The U.S. Defense Advanced Research Projects Agency (Darpa) has requested proposals for novel technologies to sense and defeat small unmanned aircraft systems (UAS) threatening moving convoys. Plans call for conducting a field demonstration by January.
Darpa issued a request for information (RFI) for the “sensing” and “neutralization” technologies on September 20 and accepted proposals through October 2. The technologies it seeks will either complement or serve as components of the advanced counter-UAS system companies are developing under the agency’s Mobile Force Protection (MFP) program.
A sensing technology must be able to detect “numerous” small UAS at a distance of 1 km (0.62 mile) or greater and fit on a tactical ground vehicle such as a Humvee as well as the U.S. Coast Guard’s Defender-class 25-foot boat, Darpa said. A neutralization system must disable or destroy numerous, self-guided UAS at a distance of 1 km or greater. Darpa describes self-guided UAS as rotary- or fixed-wing drones that do not rely on radio frequency control or GPS navigation for their operation.
“With this RFI, Darpa is not looking for end-to-end systems, but rather innovative technology components that could be combined with the MFP systems integrators’ fielded concepts,” the agency stated. “This RFI aims to help Darpa stay abreast of the latest technologies…and integrate some of the most promising ones into an eventual MFP technology demonstration system.”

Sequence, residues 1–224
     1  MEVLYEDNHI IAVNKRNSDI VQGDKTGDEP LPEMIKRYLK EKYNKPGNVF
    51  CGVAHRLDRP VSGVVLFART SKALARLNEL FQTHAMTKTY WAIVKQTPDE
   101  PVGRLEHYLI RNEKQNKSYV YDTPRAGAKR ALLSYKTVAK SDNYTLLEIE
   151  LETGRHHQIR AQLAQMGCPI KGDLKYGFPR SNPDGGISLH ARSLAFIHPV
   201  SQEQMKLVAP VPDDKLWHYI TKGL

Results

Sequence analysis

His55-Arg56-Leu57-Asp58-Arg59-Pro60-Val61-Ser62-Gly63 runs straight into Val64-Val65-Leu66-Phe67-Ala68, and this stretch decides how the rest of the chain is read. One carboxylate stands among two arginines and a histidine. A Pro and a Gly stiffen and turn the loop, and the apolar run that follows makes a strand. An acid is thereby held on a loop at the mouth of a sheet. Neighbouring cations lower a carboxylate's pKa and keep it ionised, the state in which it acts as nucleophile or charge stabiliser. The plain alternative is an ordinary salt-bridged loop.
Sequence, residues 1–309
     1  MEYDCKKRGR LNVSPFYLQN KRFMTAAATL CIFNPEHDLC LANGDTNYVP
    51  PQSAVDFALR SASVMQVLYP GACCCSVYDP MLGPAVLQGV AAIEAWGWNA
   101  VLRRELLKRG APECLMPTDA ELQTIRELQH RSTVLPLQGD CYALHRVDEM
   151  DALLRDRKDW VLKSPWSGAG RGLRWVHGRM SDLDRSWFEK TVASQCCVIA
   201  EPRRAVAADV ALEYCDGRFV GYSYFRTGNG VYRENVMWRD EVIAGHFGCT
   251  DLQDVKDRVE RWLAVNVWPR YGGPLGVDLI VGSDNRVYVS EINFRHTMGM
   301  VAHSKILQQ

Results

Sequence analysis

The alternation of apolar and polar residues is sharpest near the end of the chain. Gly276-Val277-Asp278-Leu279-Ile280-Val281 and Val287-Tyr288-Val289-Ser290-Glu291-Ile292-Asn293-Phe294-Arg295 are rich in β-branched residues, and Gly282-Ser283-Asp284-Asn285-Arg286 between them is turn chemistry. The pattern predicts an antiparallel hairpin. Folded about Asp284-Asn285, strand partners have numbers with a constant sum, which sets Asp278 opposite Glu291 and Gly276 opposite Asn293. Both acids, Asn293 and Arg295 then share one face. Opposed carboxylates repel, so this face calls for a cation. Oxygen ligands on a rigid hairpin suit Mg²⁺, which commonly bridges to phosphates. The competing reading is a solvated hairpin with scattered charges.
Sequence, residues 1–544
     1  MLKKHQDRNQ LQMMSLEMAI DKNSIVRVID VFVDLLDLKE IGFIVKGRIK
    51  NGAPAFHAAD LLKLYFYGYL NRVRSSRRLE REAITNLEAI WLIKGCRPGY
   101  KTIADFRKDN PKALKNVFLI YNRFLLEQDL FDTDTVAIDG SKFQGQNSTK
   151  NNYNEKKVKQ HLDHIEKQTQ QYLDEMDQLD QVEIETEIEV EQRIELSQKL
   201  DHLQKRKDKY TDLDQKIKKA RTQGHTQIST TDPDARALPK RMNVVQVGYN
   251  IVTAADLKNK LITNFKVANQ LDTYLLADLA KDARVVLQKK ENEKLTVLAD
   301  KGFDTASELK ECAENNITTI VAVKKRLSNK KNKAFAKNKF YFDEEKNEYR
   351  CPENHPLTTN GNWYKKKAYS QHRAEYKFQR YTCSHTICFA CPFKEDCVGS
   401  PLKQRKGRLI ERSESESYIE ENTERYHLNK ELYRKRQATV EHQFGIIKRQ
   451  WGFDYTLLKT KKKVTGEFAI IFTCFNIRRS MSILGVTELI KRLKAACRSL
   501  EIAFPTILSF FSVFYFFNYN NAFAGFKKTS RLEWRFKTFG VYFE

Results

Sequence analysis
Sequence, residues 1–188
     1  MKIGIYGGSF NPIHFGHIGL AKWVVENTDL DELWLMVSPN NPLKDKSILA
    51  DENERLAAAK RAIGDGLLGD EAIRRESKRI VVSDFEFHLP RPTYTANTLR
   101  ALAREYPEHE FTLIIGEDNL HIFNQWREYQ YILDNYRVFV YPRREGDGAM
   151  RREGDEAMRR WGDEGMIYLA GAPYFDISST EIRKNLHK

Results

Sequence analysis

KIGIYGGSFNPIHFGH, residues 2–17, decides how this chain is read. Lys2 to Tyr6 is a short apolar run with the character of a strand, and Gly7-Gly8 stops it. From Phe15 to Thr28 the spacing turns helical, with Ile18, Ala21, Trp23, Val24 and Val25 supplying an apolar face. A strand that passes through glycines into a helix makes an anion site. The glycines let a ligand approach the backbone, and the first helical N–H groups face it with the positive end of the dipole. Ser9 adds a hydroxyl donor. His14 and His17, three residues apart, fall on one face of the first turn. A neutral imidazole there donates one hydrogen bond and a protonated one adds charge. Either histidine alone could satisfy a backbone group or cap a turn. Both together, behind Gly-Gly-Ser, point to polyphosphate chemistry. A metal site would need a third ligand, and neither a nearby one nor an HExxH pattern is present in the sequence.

The agency plans to select up to 20 teams proposing sensing and neutralization systems to attend a technology day on November 8 at its Arlington, Virginia, offices. Technologies must be sufficiently mature to participate in a field demonstration planned for January, Darpa said.
In August, Darpa announced the award of MFP Phase 1 contracts to Dynetics, of Huntsville, Alabama, and two companies based in Syracuse, New York—Saab Defense and Security USA and SRC. Initiated by an RFI last year, the program aims to develop an integrated system within three to four years capable of defeating self-guided UAS attacking a moving convoy. The Phase 1 goal is to show initial functionality of demonstrator systems; by Phase 3 plans call for a full-capability demonstration on a moving vehicle or vessel.
Darpa says it is working closely on the MFP program with the U.S. military services, the Coast Guard and the Department of Homeland Security’s Science and Technology Directorate.
“The three teams we’ve assembled have innovative ideas for a versatile, layered defense system that could protect convoys on the move from multiple small unmanned aircraft systems in real time,” said Jean-Charles Ledé, a program manager in Darpa’s Tactical Technology Office. “Each team will now work to integrate novel ideas for advanced sensors and neutralization approaches into a common framework emphasizing safety for civilian bystanders, ease of operation and low size, weight, power and cost.”